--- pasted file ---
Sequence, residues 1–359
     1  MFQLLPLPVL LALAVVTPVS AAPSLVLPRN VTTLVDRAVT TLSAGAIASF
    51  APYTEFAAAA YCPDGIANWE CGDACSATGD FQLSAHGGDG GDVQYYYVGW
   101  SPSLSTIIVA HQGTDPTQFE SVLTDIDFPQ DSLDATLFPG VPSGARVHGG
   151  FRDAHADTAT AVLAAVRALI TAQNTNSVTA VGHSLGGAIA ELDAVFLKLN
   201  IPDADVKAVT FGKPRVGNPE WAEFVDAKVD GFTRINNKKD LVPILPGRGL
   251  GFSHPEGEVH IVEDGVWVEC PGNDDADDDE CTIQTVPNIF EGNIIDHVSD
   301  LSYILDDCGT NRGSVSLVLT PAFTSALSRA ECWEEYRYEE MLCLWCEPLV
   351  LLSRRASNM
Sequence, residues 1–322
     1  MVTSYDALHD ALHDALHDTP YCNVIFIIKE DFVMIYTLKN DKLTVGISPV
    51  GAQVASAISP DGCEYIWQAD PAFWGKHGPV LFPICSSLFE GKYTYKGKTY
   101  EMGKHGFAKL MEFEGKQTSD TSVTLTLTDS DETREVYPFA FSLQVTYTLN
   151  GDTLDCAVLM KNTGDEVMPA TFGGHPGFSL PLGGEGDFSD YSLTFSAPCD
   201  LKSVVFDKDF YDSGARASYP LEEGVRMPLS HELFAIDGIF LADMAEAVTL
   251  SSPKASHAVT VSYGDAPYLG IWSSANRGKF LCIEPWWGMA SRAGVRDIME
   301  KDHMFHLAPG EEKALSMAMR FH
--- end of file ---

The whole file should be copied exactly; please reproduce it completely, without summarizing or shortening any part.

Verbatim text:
Sequence, residues 1–359
     1  MFQLLPLPVL LALAVVTPVS AAPSLVLPRN VTTLVDRAVT TLSAGAIASF
    51  APYTEFAAAA YCPDGIANWE CGDACSATGD FQLSAHGGDG GDVQYYYVGW
   101  SPSLSTIIVA HQGTDPTQFE SVLTDIDFPQ DSLDATLFPG VPSGARVHGG
   151  FRDAHADTAT AVLAAVRALI TAQNTNSVTA VGHSLGGAIA ELDAVFLKLN
   201  IPDADVKAVT FGKPRVGNPE WAEFVDAKVD GFTRINNKKD LVPILPGRGL
   251  GFSHPEGEVH IVEDGVWVEC PGNDDADDDE CTIQTVPNIF EGNIIDHVSD
   301  LSYILDDCGT NRGSVSLVLT PAFTSALSRA ECWEEYRYEE MLCLWCEPLV
   351  LLSRRASNM
Sequence, residues 1–322
     1  MVTSYDALHD ALHDALHDTP YCNVIFIIKE DFVMIYTLKN DKLTVGISPV
    51  GAQVASAISP DGCEYIWQAD PAFWGKHGPV LFPICSSLFE GKYTYKGKTY
   101  EMGKHGFAKL MEFEGKQTSD TSVTLTLTDS DETREVYPFA FSLQVTYTLN
   151  GDTLDCAVLM KNTGDEVMPA TFGGHPGFSL PLGGEGDFSD YSLTFSAPCD
   201  LKSVVFDKDF YDSGARASYP LEEGVRMPLS HELFAIDGIF LADMAEAVTL
   251  SSPKASHAVT VSYGDAPYLG IWSSANRGKF LCIEPWWGMA SRAGVRDIME
   301  KDHMFHLAPG EEKALSMAMR FH